The Ambrosinos and the other direct investors with Madoff are covered for up to $500,000 by a fund set up under the Securities Investor Protection Act and overseen by the Securities Investor Protection Corp, a not-for-profit funded by securities brokers and dealers whose mandate is to act as a first line of defense for investors whose brokerage house went belly up. In the instance of Madoff's victims, Irving Picard, the court appointed bankruptcy for Bernard L. Madoff Investment Securities, is acting as the claims arbitrator.
"Claims are processed on a regular basis," according to lawyer David Sheehan, the senior investigator for Picard.
In addition to the $15 million already paid. ABC News has learned that another $5 million in SIPC money is approved for payment to another 10 claimants as soon as documentation is received, perhaps as early as this week, according to the trustee's office. In general, Picard's office prefers to be fairly methodical and not address investor questions on an individual basis as they go through the process of identifying and securing Madoff assets, determining the validity of claims, and disbursing money to the victims through the SIPC fund and, at some future point, through the assets recovered from Madoff.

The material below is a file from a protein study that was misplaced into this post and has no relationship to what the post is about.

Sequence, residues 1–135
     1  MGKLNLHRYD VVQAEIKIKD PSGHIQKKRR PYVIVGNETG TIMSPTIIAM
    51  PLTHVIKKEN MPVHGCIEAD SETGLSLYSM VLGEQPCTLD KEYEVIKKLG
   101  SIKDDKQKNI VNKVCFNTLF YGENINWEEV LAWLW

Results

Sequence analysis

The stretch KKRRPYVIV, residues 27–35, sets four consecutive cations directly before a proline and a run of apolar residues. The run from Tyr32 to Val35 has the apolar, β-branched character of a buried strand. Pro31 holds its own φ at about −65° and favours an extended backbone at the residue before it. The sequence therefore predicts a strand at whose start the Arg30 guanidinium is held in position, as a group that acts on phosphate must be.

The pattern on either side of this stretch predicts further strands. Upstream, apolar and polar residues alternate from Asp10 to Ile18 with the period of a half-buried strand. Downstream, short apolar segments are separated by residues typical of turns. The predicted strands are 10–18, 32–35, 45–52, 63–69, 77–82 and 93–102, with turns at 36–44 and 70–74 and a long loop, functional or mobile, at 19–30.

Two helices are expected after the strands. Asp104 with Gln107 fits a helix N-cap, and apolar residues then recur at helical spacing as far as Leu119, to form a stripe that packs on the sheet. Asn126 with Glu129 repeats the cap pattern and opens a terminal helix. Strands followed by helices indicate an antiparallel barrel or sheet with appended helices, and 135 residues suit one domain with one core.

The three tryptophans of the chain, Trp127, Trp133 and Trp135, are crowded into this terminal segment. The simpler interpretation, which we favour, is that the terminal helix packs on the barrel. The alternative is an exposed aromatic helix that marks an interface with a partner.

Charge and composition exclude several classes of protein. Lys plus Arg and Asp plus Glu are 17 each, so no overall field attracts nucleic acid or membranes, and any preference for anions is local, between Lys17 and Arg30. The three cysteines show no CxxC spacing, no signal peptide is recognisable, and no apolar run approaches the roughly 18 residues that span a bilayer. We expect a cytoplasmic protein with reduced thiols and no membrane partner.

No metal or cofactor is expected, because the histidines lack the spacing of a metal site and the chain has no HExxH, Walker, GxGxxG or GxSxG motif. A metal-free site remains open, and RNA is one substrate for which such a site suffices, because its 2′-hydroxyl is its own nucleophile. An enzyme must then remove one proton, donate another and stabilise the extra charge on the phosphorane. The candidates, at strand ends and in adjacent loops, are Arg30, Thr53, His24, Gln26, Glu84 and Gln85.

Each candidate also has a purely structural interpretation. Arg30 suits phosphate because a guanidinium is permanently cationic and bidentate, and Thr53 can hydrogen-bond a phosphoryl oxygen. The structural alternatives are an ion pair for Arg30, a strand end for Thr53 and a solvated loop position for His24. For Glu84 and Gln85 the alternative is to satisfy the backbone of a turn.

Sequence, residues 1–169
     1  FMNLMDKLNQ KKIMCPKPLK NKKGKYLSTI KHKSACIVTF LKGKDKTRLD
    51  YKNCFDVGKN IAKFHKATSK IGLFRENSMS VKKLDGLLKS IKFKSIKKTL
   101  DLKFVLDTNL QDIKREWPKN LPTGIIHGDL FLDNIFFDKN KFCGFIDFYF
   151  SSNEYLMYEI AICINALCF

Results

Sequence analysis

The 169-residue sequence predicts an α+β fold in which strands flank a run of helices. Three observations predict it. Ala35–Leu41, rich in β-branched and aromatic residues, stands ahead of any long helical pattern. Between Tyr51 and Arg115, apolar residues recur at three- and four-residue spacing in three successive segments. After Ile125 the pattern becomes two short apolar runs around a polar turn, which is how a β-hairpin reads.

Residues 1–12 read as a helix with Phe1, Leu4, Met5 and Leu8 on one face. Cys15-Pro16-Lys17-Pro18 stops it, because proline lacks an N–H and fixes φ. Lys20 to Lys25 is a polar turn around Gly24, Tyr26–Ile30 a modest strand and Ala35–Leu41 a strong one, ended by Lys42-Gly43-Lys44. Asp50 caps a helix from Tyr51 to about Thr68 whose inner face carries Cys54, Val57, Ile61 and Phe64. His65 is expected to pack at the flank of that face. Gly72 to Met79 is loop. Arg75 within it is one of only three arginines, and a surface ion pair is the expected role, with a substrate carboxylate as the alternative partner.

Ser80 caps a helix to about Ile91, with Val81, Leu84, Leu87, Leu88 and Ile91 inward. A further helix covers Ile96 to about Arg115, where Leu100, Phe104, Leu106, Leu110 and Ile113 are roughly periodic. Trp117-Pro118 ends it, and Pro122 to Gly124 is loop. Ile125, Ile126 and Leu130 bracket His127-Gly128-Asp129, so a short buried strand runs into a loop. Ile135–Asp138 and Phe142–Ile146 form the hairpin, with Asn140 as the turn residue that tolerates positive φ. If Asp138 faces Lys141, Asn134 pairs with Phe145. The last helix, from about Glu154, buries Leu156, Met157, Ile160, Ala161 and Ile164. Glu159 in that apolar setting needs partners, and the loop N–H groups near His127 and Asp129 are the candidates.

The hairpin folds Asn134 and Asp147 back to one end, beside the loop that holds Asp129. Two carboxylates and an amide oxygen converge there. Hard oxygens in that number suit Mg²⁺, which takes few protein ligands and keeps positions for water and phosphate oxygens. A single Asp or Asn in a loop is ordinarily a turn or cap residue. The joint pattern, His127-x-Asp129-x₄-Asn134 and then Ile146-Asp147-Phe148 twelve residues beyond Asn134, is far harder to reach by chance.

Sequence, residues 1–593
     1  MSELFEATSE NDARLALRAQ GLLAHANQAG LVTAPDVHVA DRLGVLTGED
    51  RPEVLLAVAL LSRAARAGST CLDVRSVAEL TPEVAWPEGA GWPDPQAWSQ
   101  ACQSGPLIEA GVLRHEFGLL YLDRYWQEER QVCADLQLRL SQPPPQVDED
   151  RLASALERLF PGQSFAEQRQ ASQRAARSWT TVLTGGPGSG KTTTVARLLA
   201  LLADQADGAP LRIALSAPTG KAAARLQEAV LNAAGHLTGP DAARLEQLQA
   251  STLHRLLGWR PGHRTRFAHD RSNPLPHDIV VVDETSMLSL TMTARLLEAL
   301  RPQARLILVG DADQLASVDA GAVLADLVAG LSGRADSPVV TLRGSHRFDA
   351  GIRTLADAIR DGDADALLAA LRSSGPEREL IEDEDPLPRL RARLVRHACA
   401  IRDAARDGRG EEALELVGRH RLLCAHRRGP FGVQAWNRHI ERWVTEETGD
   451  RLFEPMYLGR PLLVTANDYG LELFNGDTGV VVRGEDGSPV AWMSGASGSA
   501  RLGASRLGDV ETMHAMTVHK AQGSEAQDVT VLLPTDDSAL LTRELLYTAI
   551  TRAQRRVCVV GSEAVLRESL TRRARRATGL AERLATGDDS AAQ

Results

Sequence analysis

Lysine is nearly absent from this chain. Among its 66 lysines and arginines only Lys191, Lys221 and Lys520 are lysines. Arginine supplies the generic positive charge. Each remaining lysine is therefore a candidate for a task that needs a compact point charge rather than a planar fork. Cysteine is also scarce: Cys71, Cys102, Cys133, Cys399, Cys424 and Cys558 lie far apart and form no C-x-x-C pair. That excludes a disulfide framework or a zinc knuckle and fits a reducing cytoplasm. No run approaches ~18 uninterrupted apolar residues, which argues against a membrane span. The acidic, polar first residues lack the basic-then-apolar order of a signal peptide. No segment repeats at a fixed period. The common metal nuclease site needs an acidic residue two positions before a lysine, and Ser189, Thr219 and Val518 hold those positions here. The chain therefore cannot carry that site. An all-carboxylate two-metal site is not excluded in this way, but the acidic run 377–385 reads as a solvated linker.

"The Trustee and his staff appreciate the sense of urgency that attaches to each individual's customer claim. However, under the circumstances of this liquidation proceeding, neither the Trustee nor his staff is in a position to advise about the status of or the time frame for the determination of any particular claim," notes the trustee's website www.madofftrustee.com.